DALLAS (CBSDFW.COM) – Dallas County commissioners are scrapping a recently approved plan to prioritize giving the COVID-19 vaccine to residents of vulnerable neighborhoods after the state threatened to cut their allotment of doses.

“I think the majority’s goal was noble to help 11 underserved zip codes,” said Dallas County Judge Clay Jenkins. “The effect though, if we continue on that path and lose our vaccine, is it will hurt people.”

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After commissioners approved the order on Tuesday, Judge Jenkins sent a letter to the state on Wednesday alerting them of the plan to give 1B residents in the 11 hardest-hit zip codes an opportunity to schedule an appointment for the vaccine before other zip codes.

In the letter, Jenkins said the county currently has 26,791 1B residents signed up for the vaccine in the 11 zip codes. Jenkins also acknowledged the order “is a departure from our practice of using DSHS guidelines to prioritize the most vulnerable in our community in an equitable way.”

The Texas Department of State Health Services sent a letter with a stern warning in response, saying the order “conflicts with the stated goals of the DSHS and the state of Texas that vaccine be distributed as widely and equitably as possible in communities across the state.”

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Dallas County is also a large vaccination hub, according to the state, that must follow certain guidelines. “While we ask hub providers to ensure vaccine reaches the hardest hit areas and populations, solely vaccinating people who live in those areas is not in line with the agreement to be a hub provider,” the state’s letter read.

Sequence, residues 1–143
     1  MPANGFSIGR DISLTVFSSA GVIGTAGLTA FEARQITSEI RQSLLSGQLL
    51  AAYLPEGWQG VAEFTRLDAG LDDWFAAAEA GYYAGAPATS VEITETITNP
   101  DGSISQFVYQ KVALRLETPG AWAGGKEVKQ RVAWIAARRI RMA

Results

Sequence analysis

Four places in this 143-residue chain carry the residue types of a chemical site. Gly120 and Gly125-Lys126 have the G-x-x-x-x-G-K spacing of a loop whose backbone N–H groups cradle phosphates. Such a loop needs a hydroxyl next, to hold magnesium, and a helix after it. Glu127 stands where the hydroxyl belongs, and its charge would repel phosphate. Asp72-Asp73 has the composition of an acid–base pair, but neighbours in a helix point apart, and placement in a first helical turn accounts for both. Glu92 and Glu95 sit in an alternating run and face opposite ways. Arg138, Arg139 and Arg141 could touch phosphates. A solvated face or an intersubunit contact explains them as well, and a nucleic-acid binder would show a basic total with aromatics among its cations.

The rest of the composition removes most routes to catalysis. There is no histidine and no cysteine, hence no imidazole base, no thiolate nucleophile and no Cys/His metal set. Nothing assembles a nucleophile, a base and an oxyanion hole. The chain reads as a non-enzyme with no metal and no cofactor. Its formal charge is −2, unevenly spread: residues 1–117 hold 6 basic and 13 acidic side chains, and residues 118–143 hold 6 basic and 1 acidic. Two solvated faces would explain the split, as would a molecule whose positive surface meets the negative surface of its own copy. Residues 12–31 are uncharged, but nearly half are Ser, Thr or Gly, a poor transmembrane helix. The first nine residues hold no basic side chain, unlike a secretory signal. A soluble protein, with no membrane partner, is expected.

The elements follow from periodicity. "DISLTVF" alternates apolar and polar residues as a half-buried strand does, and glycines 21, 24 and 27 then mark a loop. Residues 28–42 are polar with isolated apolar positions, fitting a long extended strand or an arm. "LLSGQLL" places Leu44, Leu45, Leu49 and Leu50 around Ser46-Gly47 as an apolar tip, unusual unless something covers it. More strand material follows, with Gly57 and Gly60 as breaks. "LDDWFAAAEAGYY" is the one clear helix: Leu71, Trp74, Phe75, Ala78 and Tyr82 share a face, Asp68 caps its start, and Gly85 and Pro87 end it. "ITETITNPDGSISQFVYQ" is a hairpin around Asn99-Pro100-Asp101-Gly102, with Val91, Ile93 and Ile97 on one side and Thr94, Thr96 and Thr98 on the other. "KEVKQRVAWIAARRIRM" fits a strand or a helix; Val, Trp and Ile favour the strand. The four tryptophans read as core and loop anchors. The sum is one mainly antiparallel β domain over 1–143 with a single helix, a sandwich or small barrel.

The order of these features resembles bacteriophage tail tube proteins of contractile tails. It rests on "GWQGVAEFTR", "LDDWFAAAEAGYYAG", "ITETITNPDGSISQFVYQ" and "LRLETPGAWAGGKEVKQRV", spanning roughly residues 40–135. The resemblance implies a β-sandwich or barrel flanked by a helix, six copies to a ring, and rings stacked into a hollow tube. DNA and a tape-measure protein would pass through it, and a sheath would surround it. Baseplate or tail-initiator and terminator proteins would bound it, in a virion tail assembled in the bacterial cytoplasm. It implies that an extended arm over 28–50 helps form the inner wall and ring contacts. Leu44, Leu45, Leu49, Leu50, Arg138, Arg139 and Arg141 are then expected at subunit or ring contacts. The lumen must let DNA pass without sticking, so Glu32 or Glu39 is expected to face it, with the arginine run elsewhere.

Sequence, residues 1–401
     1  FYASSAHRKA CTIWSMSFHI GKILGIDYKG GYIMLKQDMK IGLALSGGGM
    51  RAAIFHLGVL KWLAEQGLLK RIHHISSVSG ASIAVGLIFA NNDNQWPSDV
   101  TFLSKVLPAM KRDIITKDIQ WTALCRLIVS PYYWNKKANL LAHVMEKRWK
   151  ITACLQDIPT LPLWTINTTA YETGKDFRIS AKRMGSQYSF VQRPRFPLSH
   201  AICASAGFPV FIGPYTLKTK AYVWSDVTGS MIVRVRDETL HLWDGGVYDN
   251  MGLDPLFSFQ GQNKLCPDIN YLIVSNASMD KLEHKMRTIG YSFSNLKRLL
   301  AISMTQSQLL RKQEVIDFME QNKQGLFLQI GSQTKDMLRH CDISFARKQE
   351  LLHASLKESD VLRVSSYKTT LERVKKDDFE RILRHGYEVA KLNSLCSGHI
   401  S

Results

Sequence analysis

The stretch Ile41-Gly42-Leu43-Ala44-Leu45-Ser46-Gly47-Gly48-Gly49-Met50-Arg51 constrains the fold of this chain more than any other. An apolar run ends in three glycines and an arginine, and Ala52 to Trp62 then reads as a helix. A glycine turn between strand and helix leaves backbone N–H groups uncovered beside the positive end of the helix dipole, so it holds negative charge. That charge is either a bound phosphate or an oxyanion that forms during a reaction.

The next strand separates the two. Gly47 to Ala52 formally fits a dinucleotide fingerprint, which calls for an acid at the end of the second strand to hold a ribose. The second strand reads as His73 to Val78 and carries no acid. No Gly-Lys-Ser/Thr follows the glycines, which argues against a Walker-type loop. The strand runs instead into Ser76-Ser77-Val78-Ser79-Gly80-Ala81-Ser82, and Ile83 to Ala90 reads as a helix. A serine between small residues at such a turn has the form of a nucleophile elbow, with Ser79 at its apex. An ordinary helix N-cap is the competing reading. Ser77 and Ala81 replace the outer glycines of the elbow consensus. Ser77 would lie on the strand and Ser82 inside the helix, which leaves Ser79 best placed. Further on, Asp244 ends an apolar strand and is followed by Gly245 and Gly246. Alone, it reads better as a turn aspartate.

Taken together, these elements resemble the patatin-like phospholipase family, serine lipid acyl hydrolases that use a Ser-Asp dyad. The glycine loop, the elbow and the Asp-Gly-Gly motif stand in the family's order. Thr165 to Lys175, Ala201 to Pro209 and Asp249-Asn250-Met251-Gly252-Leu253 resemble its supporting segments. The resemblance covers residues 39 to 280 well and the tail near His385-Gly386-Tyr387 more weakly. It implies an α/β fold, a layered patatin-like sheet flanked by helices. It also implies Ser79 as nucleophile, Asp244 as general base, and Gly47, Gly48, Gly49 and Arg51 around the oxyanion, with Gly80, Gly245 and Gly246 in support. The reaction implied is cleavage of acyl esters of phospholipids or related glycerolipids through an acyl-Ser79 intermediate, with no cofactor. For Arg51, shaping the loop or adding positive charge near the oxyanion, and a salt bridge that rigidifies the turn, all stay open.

The state when on to say that if Dallas County does not follow the guidelines, then Texas would be forced to cut the county’s vaccine allotment and that the county would no longer be considered a large hub.

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“They have us down for 9,000 doses for next week, and if they don’t hear about us having this resolved, then they will either definitely cut back, or I guess, cancel our dose,” said Dr. Philip Huang, director of Dallas County Health and Human Servies.

Dallas County commissioners held an emergency meeting Wednesday evening to address the problem.

They ultimately decided to rescind the order to make sure vaccination efforts in the area were not affected.

“We need to work at ways to increase getting vaccines into those high spread and underserved communities, but we’ve got to do that in a way that does not discriminate against everyone who signs up because we are a state vaccination center,” Judge Jenkins said.

Commissioners plan to meet again soon to figure out how to better reach disadvantaged communities, while remaining compliant with state guidelines.

They also talked about ways to make the process more transparent.

Caroline Vandergriff contributed to this report.

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